Pushing Through versus Letting Go

I’n writing this in an airport, waiting for my flight back to Bucharest. For the last 3 days I’ve been at a running event, called S24h. It’s an ultra-marathon competition, with races from 12 hours up to 48 hours. It’s the my second participation at this event and this year I ran the 48 hours race.

“Ran” may be a bit of an euphemism, though, and you’ll see later why.

The Ugly, But Oh, So Necessary Truth

I ran my first ultra in 2014. It was a 60km race. Since then, I ran more than 20 other ultra-marathons, both in official competitions and as part of my trainings. The longest distance I ever ran was Ultrabalaton, 222km, in 2015. And the longest running event was a 48 hours race in Athens, in 2016 (and, obviously, S24h).

I run for many reasons and one of them is related to self-improvement. But not in “how to become the best physical version of yourself” kind of self-improvement. More like “run until your conscious masks will fall down, since you won’t be able to run away from your problems anymore, because, well, you’re already running”.

I didn’t know from the beginning that ultra-running will work this way.

I think I discovered it accidentally, when I found myself lost around lake Balaton, in complete darkness, without a torch lamp, without knowing if I run in the right direction, without anyone around me to ask and with blisters the size of my fist in my soles. Or when I’ve been hit by hypothermia in Athens, shivering on the floor of an abandoned Olympic Complex, not knowing if I was able to get up, let alone to run another day, in my first 48 hours race. Or on the road from Carpathian Mountains to Bucharest, at my first 100km run, when I stepped in a hole and twisted my ankle, half way home, in the middle of pretty much fucking nowhere.

Thing is, I realized that each long (and by long I mean really long, between 100 and 200 kilometers) race leaves me a better person. But first it throws me to the deepest shit holes that I can imagine.

So, what started out of curiosity soon became one of my favorite self-discovery tools. I call it “scooping”. It’s like when you scoop with a spoon to dig the best tasting part of an ice-cream.

Only you don’t dig in ice-cream, you dig into yourself. You dig into your fears, into your uncertainties, into the ugly, dark parts of yourself.

Because, when you run for 10 or 12 or 14 hours continuously, your mind enters into an altered state of consciousness, where you are forced to deal with reality. Not with the conscious lies you call reality, but the “real” reality. That reality that you may have tried to avoid by making more money, or by pursuing a certain type of self-destructive relationship, or by projecting a lighter, more successful persona than you really feel you are.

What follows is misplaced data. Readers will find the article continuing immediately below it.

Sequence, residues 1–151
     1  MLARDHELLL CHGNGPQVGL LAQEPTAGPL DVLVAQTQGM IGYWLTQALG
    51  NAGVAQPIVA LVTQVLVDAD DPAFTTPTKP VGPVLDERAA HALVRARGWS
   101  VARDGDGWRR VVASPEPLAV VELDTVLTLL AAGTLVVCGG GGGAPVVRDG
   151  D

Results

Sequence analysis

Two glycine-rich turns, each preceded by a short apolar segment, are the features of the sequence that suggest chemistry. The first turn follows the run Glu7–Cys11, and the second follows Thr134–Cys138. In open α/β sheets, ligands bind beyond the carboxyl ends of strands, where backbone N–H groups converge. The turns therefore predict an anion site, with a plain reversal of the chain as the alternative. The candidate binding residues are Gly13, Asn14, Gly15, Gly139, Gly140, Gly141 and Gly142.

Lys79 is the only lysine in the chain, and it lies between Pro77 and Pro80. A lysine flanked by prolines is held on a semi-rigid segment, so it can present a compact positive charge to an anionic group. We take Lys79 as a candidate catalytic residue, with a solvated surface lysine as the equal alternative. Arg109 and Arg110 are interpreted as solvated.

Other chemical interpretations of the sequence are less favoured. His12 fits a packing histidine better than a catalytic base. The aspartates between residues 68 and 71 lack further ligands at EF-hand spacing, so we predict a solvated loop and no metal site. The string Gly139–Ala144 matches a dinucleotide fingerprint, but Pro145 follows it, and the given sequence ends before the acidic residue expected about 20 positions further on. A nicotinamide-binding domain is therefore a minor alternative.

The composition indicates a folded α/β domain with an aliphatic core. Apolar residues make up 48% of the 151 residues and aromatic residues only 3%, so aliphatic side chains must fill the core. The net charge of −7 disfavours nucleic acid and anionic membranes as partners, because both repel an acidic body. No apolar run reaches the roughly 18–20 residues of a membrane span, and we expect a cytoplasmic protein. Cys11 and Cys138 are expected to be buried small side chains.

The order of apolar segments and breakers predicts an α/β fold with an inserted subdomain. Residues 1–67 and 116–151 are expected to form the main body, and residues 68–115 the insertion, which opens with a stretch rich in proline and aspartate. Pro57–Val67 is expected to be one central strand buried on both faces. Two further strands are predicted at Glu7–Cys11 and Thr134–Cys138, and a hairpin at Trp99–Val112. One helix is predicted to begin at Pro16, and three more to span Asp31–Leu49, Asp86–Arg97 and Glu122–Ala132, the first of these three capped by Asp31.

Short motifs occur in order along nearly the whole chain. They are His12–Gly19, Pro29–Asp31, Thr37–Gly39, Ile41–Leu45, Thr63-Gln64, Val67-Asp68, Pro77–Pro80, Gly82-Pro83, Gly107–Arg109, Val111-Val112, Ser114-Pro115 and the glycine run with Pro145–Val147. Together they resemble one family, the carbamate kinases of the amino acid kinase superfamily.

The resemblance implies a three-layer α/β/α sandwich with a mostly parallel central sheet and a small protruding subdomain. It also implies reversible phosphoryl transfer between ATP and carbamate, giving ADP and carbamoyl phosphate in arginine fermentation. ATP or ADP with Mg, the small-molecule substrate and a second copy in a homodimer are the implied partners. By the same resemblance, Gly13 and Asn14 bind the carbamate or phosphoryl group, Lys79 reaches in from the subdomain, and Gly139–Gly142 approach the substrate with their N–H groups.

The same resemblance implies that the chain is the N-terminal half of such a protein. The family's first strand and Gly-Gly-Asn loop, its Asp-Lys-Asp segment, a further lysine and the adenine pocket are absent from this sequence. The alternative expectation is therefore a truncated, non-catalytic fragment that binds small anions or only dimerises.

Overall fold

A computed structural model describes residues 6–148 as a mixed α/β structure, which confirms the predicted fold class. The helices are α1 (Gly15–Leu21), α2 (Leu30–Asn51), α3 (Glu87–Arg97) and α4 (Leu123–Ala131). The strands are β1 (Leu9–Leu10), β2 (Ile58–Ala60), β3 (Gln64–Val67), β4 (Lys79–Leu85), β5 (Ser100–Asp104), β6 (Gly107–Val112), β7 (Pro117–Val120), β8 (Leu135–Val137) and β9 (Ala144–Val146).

As you may imagine, these altered states of consciousness are not exactly “nice”. On the contrary. They’re quite uncomfortable. And for a while I even mistakenly thought they were the result of physical fatigue. But not. It’s the other way around.

The more “unsolved shit” you hide, the faster you get into that state and feel more physical fatigue. And the more balanced your life is, the farther in race the “scooping even” will take place (if ever).

Pushing Through

I wrote many times about the Ultrabalaton race, about my 5 marathons in a row and about the physical challenges that I had to overcome. Just do a search on this blog, buy my book from Amazon, or just bare with me for a few more paragraphs, for the TL/DR version (too long, didn’t read).

So, the TL/DR version of pushing through is: just keep moving. Just put one step in front of the other. Just do it.

And in many situations, pushing through is the only way out.

But not in all of them.

Or at least that’s what I’ve learned during this last race that I just finished.

Letting Go

The first quarter of this race went on absolutely amazing. That means I covered 80km in 12 hours, without any conceivable problem: no physical stuff, no pain, no nutrition problem, no mental setbacks.

All went on just beautifully.

And then, just when I was starting my second quarter of the race, all relaxed and flowing and smiling, something hit me.

In the beginning, I had no idea what it was. I just felt that my feet were suddenly heavy, my ankles started to send me pain signals and running became almost impossible. I decided to walk for a while, until I catch my breath.